Does Online Learning Help Community College Students Attain a Degree? Yes, in some cases, concludes research by Peter Shea, an associate professor of education at the State University of New York at Albany.
Online community college students in Virginia and Washington state have higher failure and dropout rates, according to earlier studies by the the Community College Research Center.
Shea, who used to run SUNY’s online education system, found the CCRC’s conclusions “counterintuitive,” he told Inside Higher Ed. Online education’s flexibility and convenience should help students advance, he believes.
In contrast to the CCRC studies, the Albany research found that students who had enrolled in at least one online course in their first year did not come into college with better academic preparation than did those who took no courses at a distance.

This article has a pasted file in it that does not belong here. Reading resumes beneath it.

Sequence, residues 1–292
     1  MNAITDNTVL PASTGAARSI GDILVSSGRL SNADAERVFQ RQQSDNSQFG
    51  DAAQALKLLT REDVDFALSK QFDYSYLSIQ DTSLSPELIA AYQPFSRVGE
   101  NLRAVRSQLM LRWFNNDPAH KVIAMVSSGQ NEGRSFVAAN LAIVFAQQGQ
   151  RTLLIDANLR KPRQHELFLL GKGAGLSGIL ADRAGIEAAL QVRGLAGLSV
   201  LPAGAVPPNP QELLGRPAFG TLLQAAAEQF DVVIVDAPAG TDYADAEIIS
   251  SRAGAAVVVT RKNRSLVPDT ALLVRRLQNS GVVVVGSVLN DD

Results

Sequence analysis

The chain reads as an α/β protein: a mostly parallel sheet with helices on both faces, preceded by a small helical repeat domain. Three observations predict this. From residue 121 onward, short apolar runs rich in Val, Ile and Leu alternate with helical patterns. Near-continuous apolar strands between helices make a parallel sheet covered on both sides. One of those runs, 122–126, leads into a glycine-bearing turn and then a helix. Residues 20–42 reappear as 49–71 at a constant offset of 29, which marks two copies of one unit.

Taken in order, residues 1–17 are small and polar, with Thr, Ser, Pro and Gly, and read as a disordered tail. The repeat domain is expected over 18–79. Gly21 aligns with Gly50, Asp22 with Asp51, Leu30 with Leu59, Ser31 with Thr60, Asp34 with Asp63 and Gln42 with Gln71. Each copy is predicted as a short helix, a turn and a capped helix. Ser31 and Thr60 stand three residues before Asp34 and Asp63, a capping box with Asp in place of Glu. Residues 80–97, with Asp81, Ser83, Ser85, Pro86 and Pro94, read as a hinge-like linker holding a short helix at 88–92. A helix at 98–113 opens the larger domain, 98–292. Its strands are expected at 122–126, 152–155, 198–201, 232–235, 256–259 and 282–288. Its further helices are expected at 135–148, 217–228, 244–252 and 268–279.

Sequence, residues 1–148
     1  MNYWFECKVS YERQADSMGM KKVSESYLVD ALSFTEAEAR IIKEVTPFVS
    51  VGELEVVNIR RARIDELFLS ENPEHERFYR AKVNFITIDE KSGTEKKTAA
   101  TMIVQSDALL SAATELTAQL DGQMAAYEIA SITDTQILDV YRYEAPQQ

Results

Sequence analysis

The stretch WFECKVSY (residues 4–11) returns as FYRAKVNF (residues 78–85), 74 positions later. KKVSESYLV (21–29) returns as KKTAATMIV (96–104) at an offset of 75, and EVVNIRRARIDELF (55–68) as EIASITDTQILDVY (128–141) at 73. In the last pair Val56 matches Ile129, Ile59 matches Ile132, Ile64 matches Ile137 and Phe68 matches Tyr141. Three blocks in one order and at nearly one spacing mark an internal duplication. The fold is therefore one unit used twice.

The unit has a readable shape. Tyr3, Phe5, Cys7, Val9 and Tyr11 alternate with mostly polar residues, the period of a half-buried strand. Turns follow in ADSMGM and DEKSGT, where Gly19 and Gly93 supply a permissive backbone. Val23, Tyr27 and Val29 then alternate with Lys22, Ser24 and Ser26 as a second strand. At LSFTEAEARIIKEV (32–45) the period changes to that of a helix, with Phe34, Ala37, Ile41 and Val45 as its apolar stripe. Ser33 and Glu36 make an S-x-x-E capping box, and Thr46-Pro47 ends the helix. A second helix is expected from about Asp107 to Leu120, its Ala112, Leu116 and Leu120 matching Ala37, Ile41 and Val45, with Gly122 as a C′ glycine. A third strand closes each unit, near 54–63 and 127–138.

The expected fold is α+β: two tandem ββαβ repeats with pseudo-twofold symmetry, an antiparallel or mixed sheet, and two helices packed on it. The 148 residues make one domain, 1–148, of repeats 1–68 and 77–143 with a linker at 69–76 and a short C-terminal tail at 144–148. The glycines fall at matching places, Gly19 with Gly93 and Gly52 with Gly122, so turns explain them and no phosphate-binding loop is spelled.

And students who took online courses at a distance were 1.25 times likelier to earn a credential (certificate, associate or bachelor’s degree) by 2009 than were their peers who had not taken any online courses. Those who started college with a goal of attaining a certificate (rather than a bachelor’s degree) and took online courses were 3.22 times as likely to earn a credential than were students who did not take online courses.
Shea used a nationally representative data set, he points out. Virginia and Washington state could be outliers.
Shanna Jaggars, a co-author of the Community College Research Center studies, said the Albany study may include more adult students. “For older students who are working full-time and have children, the ability to maintain a full-time load by mixing in one or two online courses per semester may outweigh the negative consequences of performing slightly more poorly in each online course they take.”